Obviously, if a group of scientists are studying a rabbit they claim can tell the future, funding is going to be an issue. So monetizing this rabbit's unique abilities is a must. 60 seconds isn't a lot of time, unless we are talking about the stock market.
Here is the plan:
- Program a computer to turn on/off LEDs based on stock prices
- Train the rabbit to push buttons based on LEDs in the future
- Program a computer to buy/sell stock based on those button presses.
Step 1 - Materials: Build a Skinner Box. Go get a Raspberry Pi, wire, LEDs, buttons and rent a book on Python from the library (total cost:
$55.70). Hookup 2 buttons and 2 LEDs to the Raspberry Pi and then attach them to the rabbits cage.
Step 2 - Training: Train the rabbit to press button 1,
B1, when light 1,
L1, is on and vise versa for
L2. The tricky part is that we don't want want the rabbit to push
L1 is currently on. We want him to push the button if it will be on in 60 seconds. He needs push a button in the present based on the LEDs in the future. See next section for details.
Step 3 - Programming: Program the Raspberry Pi to cycle through your favorite stocks in a predictable way. Then for the current stock, compare its current value to the value it had 60 seconds ago. If it increased turn on
L1. If it decreased, turn on
L2. Finally, when a button is pressed, look up the stock that will be displayed in 60 seconds. If the pressed button was
B1, buy that stock. If it was
B2, sell that stock.
Training the Rabbit
We need to immediately reward the rabbit for pushing the correct button, but we won't know if it is the correct button for 60 seconds. How does that work?
To train the rabbit, use the same stock market setup only with fake (predictable) data instead of real data. At first, use a 0 second delay and reward the rabbit if he pushes
L1 is lit. Once he has the hang of this, introduce a small delay. If he pushes
L1 will be lit in 1 second, then reward him. Keep increasing the delay, until you get to his max precognition distance of 60 seconds.
The reason this training works is because of the fake data. We know what light will be on at what time, so we know if the rabbit is giving the correct answers. Gradually start introducing real data. The downside is that we don't know if he has given us the correct answer when we use real data. So I would use fake data
90% of the time to make sure the rabbit is staying accurate.
Making money and teaching rabbits cool tricks is fine and dandy but we're scientists. Can we see further into the future? Yes, we can.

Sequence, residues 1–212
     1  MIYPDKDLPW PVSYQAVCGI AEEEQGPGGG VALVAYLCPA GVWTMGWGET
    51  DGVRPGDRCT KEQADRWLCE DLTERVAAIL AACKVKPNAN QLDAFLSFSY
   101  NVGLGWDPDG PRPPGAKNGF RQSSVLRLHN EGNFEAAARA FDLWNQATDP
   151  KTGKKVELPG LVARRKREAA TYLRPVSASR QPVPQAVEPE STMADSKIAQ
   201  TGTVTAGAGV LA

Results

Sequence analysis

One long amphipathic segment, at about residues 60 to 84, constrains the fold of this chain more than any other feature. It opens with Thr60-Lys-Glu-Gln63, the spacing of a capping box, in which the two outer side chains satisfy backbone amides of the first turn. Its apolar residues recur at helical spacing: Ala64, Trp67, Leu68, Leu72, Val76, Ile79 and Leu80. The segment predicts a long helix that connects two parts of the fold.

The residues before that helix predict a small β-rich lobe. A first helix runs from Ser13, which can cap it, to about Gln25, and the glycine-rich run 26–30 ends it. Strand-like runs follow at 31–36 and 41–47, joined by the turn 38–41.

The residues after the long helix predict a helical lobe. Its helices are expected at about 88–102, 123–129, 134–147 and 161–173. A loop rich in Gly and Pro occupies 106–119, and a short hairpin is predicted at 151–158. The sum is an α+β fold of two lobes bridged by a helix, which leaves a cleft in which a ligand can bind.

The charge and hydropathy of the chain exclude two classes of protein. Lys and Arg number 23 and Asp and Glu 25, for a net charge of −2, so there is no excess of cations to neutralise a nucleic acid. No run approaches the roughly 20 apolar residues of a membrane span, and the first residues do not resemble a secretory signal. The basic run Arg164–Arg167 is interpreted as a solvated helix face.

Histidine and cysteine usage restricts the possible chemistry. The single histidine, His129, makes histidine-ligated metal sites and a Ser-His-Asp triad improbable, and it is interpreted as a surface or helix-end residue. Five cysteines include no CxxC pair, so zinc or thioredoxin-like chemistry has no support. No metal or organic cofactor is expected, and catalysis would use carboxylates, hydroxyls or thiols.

There may be a more clever (i.e. better than
O(n)), but this should extend our grasp of the future by a couple minutes. Simply add some buttons
B2b. The teach the rabbit to push
B1a, if he sees himself pushing
B1 (in 60 seconds) and to push
B1b if he sees himself pushing
B1a (in 60 seconds). Once you have done this, you will be able to see 3 minutes into the future.
The reason for this is that when
L1 is turned on, the rabbit will see it 60 seconds before it happens and push
B1. Then the rabbit will see this 60 seconds before it happens and push
B1a. Then the rabbit will see this 60 seconds before it happens and push
B1b. This button press is observed and we know that in 3 minutes,
L1 will turn on.
Since a computer is being used, the rabbit can push buttons at his leisure because an active observer is not necessary. The rabbit can push the buttons as frequently as he wants and the computer will respond accordingly. In this example, we are asking whether to buy or sell a certain stock but in general we can ask the future any binary question. The only requirement is that we ask in a predictable way. For instance, we could ask "Is the president alive?" and the rabbit could give us as much as a 3 minute warning of the president's assassination. All the computer would need is someway to judge whether the president is currently dead or alive.
When making important decisions based of the behavior of a rabbit, there are uncertainties. For example, in order to get a 3 minute heads-up we need the rabbit to see the
L1 and feel like pushing
B1. Then we need the rabbit to see himself pushing
B1 and feel like pushing
B1a. Then we need the rabbit to see himself pushing
B1a and feel like pushing
B1b. The larger the heads-up distance, the less likely it will happen.
When making decisions based of information from the future, there are even more uncertainties. For example, what if the rabbit tells you the president will die in 60 seconds. Then in the midst of precautions taking place, an assassin gets a Ferdinand-style opportunity and takes it. Thus the president died because the rabbit told you 'the president will die'.